Studies about the role of IL-17 in cancer are still very few regarding to different types of cancer such as bladder, brain and esophageal cancer. In relation to gliomas, Hu et al. 2011, described that IL-17 expression may play an important role in tumorigenesis and progression, since they observed high mRNA-positive ratios of IL-17 in glioma tissues, but not in tissues subjected to trauma . For bladder cancer, the tumor was reduced in IL-17-/- mice, indicating a role of this cytokine in promoting tumor growth through IL-6/ STAT3 pathway . Another study suggests that IL-17 may play an important role in the recruitment and infiltration of antitumor immune cells in early stages of bladder cancer . In esophageal squamous cell carcinoma (ESCC), IL-17 led to the production of inflammatory chemokines (CXCL9, CXCL10 and CCL2, CCL20), which are associated with the migration of T cells, NK cells, and DCs, respectively. In addition, IL-17 enhanced the cytotoxic effects of NK cells against tumor cells . The present study aimed to clarify the direct action of IL-17 in a series of solid tumor human cells, from glioma, esophageal carcinoma and bladder cancer.
GL261 mouse glioma cells, M059J and U138 human glioma cells and T24 human bladder transitional cell carcinoma cells were obtained from ATCC (Rockville, Maryland, USA). OE-21 human esophageal squamous cell carcinoma was a gift from INCA (Rio de Janeiro, Brazil). M059J and U138 were cultured in DMEM/10% FBS and OE-21 and T24 were cultured in RPMI/10% FBS at a temperature of 37°C, a minimum relative humidity of 95%, and an atmosphere of 5% CO2 in air.
Cells (2 x 105) were collected and processed as previously described . Briefly, total RNA was isolated using Trizol LS reagent (Invitrogen) and cDNA species synthesized with ImProm- II™ Reverse Transcription System (Promega). Quantitative PCR, using SYBR Green I as intercalating dye, was performed for IL-17RA (F: 5’-GCCCTGGACAGGTTCCGGGACTG-3’; R: 5’-CCCCTCCTCTGCGGCGAGCAC-3’) and for 18S and β-actin as reference genes. Relative mRNA levels were determined using 2-ΔΔCT method including individual efficiency calculated per sample using LinReg 11.0 Software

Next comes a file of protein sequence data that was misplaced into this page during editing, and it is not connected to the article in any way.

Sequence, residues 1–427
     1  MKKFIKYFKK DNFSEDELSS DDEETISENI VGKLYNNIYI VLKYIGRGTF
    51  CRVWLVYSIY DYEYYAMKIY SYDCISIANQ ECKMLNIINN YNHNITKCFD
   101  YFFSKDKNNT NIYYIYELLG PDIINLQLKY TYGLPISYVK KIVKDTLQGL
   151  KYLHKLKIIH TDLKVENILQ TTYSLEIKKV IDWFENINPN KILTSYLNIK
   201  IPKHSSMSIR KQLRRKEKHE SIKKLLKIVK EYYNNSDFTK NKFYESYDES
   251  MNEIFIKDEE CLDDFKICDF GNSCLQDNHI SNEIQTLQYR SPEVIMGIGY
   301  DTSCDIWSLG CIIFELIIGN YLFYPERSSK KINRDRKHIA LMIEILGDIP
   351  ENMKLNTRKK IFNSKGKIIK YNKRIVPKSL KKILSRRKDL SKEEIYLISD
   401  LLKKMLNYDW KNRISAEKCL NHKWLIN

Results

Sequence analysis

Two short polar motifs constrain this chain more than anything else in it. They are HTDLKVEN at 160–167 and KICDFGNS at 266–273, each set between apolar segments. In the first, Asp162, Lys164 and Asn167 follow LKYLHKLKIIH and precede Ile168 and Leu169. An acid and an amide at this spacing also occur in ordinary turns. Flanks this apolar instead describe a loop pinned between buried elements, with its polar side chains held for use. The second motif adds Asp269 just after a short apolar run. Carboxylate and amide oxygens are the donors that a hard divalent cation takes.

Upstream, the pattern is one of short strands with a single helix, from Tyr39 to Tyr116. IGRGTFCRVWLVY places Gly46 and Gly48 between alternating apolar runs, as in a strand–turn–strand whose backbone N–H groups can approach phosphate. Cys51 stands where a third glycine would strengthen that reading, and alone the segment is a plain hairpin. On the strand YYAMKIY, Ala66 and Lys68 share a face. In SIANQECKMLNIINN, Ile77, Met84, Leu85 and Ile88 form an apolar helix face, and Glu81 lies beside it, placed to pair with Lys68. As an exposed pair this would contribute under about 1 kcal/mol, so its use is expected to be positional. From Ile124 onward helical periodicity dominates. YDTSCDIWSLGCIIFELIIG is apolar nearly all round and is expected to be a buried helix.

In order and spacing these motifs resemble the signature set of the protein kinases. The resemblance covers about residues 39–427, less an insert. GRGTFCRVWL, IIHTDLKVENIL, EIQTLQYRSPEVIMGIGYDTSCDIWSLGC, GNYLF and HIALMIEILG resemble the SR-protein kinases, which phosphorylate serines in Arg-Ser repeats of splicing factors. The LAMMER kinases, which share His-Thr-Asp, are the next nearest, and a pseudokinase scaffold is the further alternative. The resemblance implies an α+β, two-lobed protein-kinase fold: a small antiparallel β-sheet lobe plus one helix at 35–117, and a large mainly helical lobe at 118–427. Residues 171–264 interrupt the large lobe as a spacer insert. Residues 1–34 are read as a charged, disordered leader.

For measuring cell viability and proliferation, we performed MTT assay and cell counting, respectively, as previously described . Cells were treated with IL-17A (10, 20, 50, 100 pg/mL and 10, 20, 100 ng/mL) for 24 h.
Cells were seeded in medium containing 10% FBS at 3x105 cells per well in 24-well plates. In order to minimize cell proliferation, cell cultures were grown to 80-90% confluence and deprived of serum medium for 18 h. The objective was to obtain a reproducible measurement of the migration of the wound edge towards the wound space with minimum cell proliferation, but without loss of cell viability over the experimental period. Wounds were made by sterile pipette tips and remaining cells were washed twice with CMF to eliminate detached cells and it was added DMEM/RPMI deprived serum medium. Cells were treated with IL-17A (10 ng/ml) and then incubated at 37°C. After 48 h, migrating cells at the wound front were photographed by Olympus inverted microscope IX71 (Tokyo, Japan) with a magnification×100 and compared. The cell-free area was correlated with tumor cell ability to migrate into the scratch. TScratch software was used to calculate the cell-free area. Three independent experiments were performed.